Simon Wistow (deflatermouse) wrote,
Simon Wistow

Crazy (golf|racing|whatever)

I taught myself to program by cracking games on the original BBC at school and then writing trainers for them. I tried writing a few games and, like Jeff Minter ended up learning how to peek and poke.

Then my parents bought me a sublime Atari ST 520FM with the half meg upgrade and I started learning STOS which was lovely - especially with things like the Minty and Misty extensions. However, eventually, I needed to drop down to 68k assembler for speed and, lo!, my journey to the Dark Side was complete.

Eventually, after many twists and turns, I ended up working as a senior games developer for a now defunct online and mobile games company writing a mobile phone based gaming engine with various bells and whistles. The engine, MEAT (Mobile Entertainment Application Toolkit) lives on through Bitbull which makes me happy.

Anyway, after the defuncting I attempted to get a job doing mobile games despite, well, loathing J2ME for being a putrid pile of monkey sputum. At one interview I was asked to sketch a design for a top down racing games. Usually I'd do this by having masks and doing pixel look ups for collision detection or something but I suddenly had an idea inspired by an interview with Will Wright on how he did the Sims. Basically each Sim knew nothing about an object (e.g a TV) - instead the TV acted on the Sim. Nifty - the dual bonus is that the core AI for the Sim itself is simple, all the code is modularised (all the 'TV' code is in the 'TV' object) and it's dead easy to add entirely new objects (because the only thing that needs to know about the object is, err, the object).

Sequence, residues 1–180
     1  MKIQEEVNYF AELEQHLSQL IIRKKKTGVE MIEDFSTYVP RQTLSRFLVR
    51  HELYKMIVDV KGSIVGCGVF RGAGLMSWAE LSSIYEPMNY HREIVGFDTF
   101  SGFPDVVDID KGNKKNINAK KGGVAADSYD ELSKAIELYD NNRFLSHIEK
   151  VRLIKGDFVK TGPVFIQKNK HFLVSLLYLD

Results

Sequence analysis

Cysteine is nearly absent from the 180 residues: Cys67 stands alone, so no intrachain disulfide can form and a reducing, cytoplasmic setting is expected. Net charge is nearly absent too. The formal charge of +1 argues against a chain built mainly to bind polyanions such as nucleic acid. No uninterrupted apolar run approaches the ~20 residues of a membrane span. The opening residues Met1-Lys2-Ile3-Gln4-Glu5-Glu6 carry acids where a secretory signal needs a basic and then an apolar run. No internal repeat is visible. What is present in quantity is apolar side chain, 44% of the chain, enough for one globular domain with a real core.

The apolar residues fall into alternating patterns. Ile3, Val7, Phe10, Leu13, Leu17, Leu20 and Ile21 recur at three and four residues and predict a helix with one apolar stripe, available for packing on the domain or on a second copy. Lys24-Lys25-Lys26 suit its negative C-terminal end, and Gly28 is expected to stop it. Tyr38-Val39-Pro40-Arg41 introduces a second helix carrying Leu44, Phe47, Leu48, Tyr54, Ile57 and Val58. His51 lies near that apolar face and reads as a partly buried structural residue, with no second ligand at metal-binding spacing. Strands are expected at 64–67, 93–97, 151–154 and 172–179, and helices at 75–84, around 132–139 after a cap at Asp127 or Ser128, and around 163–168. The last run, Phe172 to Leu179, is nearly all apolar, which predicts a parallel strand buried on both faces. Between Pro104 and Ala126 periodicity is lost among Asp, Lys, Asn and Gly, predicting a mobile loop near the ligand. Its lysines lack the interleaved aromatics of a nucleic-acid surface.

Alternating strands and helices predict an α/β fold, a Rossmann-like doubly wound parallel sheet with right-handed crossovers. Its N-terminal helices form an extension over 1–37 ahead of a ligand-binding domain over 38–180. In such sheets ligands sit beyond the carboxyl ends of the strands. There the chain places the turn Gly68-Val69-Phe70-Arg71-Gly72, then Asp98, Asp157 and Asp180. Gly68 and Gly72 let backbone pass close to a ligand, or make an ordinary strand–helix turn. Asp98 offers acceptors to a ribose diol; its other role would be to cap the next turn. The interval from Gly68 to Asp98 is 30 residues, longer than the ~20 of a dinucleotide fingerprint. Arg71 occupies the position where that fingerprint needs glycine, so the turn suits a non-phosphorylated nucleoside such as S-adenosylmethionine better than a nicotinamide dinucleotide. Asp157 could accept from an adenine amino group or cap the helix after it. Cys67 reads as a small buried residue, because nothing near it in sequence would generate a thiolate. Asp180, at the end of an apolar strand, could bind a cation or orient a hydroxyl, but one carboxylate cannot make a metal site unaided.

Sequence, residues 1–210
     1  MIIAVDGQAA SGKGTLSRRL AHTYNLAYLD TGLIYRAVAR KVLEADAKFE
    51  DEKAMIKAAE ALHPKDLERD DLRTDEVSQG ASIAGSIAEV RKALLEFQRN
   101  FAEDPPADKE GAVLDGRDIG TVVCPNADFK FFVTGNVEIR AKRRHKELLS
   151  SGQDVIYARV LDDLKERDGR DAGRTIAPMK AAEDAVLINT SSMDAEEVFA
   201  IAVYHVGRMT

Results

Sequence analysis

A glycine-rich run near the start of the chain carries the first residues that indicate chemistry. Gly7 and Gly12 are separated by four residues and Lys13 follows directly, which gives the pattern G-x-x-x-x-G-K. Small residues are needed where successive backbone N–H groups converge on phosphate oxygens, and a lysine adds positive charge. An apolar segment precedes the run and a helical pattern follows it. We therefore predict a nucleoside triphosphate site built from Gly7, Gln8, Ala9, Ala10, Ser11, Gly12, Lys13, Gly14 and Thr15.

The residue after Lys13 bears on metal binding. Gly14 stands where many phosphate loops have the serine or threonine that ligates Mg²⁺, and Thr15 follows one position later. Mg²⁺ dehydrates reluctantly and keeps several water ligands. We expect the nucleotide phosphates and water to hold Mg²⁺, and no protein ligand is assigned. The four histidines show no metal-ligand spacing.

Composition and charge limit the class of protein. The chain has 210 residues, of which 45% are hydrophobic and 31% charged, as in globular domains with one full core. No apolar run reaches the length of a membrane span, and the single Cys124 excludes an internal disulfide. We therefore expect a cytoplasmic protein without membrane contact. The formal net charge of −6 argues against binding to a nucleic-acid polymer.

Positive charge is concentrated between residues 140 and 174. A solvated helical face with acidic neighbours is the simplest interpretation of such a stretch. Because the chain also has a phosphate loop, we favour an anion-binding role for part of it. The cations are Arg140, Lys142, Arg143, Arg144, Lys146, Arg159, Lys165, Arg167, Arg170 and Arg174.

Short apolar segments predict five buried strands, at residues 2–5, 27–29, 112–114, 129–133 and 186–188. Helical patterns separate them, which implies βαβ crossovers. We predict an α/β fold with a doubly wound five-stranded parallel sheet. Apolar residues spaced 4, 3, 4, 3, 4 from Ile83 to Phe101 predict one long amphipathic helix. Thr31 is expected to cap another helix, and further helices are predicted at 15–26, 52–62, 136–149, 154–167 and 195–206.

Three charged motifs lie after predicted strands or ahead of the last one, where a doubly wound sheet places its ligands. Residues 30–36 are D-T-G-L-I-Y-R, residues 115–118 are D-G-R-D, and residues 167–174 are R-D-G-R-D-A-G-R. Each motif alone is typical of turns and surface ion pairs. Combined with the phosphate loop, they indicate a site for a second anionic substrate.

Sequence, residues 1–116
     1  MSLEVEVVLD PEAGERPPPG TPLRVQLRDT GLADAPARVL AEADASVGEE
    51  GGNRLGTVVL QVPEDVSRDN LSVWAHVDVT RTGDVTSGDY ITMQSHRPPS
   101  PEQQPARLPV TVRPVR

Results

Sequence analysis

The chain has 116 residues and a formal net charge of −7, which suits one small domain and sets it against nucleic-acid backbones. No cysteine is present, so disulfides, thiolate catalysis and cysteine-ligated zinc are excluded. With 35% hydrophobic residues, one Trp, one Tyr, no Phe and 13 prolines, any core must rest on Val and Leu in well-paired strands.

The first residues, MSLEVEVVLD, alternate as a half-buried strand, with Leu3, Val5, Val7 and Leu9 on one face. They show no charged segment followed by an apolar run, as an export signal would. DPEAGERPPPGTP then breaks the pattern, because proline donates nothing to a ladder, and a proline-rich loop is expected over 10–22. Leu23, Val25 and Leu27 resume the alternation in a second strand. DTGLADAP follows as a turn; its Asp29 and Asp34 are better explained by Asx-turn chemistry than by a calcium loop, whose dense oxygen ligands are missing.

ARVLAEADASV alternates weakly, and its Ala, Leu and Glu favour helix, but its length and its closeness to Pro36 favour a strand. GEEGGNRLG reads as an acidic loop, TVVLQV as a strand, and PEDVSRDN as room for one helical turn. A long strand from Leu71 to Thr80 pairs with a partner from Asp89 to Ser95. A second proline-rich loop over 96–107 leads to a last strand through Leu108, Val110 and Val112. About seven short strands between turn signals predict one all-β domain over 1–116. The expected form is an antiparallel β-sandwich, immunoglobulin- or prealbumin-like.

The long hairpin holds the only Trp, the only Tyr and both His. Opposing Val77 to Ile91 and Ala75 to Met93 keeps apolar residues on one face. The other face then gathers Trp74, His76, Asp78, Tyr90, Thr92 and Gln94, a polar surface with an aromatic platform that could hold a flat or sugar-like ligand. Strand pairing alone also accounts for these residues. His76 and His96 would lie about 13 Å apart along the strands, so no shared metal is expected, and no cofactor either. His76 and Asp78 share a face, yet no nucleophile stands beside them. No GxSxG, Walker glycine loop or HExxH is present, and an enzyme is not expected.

So my idea was to have each tile in this racing game be smart. At each clock tick the car would update it's acceleration and orientation (based on user input) and then would ask the tile it was on what to do. The tile could work out whether the car was on grass or not and tell it to deccelerate or stop (if it hit a wall or something). So far, so good and nothing that couldn't be done as simply, if not simpler, with masks. But say you want to add gravel. Or oil. Or land mines. Or a flock of sheep. Adding these in a mask based game would require yet another entry in a big switch table of

         case GRASS:
           car.acceleration = max(0,car.acceleration-1);
         case OIL:
           car.orientation *= 1.1;
         case SHEEP:
         default: /* TARMAC */
           break; /* NO-OP */

Anyway, I've had an urge to write this game for a while and so, instead of vomiting out CPAN modules I think I might give it a go. The only diffiuclt choice is what language. There's Perl's SDL bindings, PyGame, Java or I could play around with C# because, well, apparently all the cool kids are doing it.

It also occured to me that this engine would work very well with a crazy golf game - better even. A given tile could know whether it was a slope or not and whether a ball at a certain position and velcotiy should result in a level over (by virtue of being a hole).

Hmm, I need more tuits.

Tags: application toolkit, atari st, bbc, bells and whistles, bitbull, collision detection, cracking games, entertainment application, games company, gaming engine, idea, jeff minter, look ups, mobile games, putrid pile, senior games, sim, sputum, tile

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